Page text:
Local Governments Blocking Expansion Of Georgia’s Communications Infrastructure

Broadband and wireless access is one of our major topics here at GeorgiaPol.  After all, it’s necessary for you to be able to read us.  One of the newer ways that this need is being filled is “small-cells“, which help expand cellular capacities and will be critical for the rollout of 5G service.

The issue is that many local governments are indifferent to this, and can literally take a year to approve basic permits, and/or add ridiculous surcharges that delay their deployments.  Representatives Brett Harrell, Bruce Williamson, Don Parsons, Chuck Martin, and John Carson have proposed HB 533 to streamline the process for this critical infrastructure upgrade. Similar bills have already passed in North Carolina and Florida.

The following guest Op-Ed was penned by NC Representative Jason Saine in support of Georgia’s measure, and discusses why Georgia, like his North Carolina, must be pro-active in making sure we’re not leaving undue regulatory obstacles in the way of keeping Georgia’s communications networks at the cutting edge. He was recently named the 2018 National Chair for the American Legislative Exchange Council (ALEC), and has is a Public Leadership Award winner by the North Carolina Technology Association as well as a a member of the FCC Intergovernmental Advisory Committee.

Wireless connectivity is essential in our daily lives.

Businesses, teachers, students, parents, seniors, and your social media addicts, we all rely on connections that we carry with us everywhere. These connections have become so reliable, that when we experience even the slightest interruption or delay, we become easily frustrated.

Fortunately, private industry continues to invest and innovate in the infrastructure and the products that will make those interruptions and delays in connectivity less and less frequent.

Today, the telecom industry and federal regulators are working together to define the next generation of wireless connectivity – 5G – that will bring higher speeds and the ability for consumers to share more data more quickly.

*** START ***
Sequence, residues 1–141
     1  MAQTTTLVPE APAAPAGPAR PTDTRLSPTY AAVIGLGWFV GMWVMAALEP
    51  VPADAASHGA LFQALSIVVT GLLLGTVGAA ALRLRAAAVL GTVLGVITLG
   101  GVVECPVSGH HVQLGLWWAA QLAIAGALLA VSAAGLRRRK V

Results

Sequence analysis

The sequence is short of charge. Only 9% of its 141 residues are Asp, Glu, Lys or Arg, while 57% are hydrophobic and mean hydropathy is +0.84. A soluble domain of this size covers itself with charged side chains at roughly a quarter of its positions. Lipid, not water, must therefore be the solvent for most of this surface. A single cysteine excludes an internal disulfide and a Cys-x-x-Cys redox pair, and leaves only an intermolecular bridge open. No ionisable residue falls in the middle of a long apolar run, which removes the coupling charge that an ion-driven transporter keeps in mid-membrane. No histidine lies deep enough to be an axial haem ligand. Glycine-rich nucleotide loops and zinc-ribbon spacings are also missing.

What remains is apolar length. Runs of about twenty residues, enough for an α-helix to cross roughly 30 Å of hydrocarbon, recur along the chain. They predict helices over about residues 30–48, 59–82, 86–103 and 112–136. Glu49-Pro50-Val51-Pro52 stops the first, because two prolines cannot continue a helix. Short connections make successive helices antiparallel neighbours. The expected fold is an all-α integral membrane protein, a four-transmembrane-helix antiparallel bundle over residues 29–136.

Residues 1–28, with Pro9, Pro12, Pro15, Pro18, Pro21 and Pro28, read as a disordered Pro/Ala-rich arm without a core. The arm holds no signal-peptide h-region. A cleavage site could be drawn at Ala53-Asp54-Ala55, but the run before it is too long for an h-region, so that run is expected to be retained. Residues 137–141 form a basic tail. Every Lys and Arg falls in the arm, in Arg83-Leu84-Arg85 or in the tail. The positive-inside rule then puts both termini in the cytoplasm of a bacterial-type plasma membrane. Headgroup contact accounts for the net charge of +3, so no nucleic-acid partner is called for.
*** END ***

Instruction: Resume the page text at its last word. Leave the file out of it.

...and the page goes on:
Small Cells are an essential part of enhanced capacity and the evolution to 5G connectivity. They are compact, unobtrusive cells that fit on traffic lights and utility poles and are helping telecom providers to improve service by complementing more traditional cell towers and “densify” networks.

For consumers, small cell technology is truly a game changer.

Whether you are viewing a mobile video, sending an email or looking for a route around rush hour traffic, we all want fast, reliable connectivity. Investment in small cells and the fiber-optic backhaul that serves them is a key component in the quick and efficient growth of 5G availability.

Unfortunately, as telecom companies are diligently working to provide the connectivity consumers demand, they are also working within an environment that significantly restricts industry’s ability to invest and deploy the technology necessary to meet consumer needs.

Often times, in a rush to generate revenues, local governments fail to recognize their taxation, permitting, fees and other policies are significant contributors to broadband deployment challenges.

We have a serious failure in this sector of the economy when it takes a telecom provider approximately 8 hours to install a small cell, but it takes that same company more than 8 months to obtain the necessary permits and approvals to do the work.

The scales are egregiously tipped by burdensome regulations and approvals processes to favor bureaucracy and not the consumer.

It is imperative that this change.

That is why during the 2017 legislative session, my colleagues and I passed legislation establishing a framework for small cell deployment in communities across North Carolina.

Since the legislation was signed into law, North Carolina’s communities are better positioned to attract significant investments in technologies that will densify our networks today, help usher in 5G connectivity and spur the growth of smart cities applications across the state – applications that lead to local cost-savings and revenue generation.

And, now, Georgia is where North Carolina was last year. Two bills have been introduced for the Georgia Assembly’s consideration during the 2018 regular legislative session.

I encourage the members of the Georgia Assembly and state governments across the nation to help facilitate small cell deployment and herald the future of connectivity by clearing regulatory obstacles that stifle investment, limit economic growth and block the connectivity consumers are eager to experience.

The future of connectivity is close on the horizon. Industry leaders are already investing in the infrastructure that will make that future a reality. Georgia has an opportunity now to keep pace with North Carolina and be at the forefront of the technology sector by enacting legislation that will allow for the efficient and rapid deployment of small cell technology throughout the state.

After all, capital flows where it is treated best.


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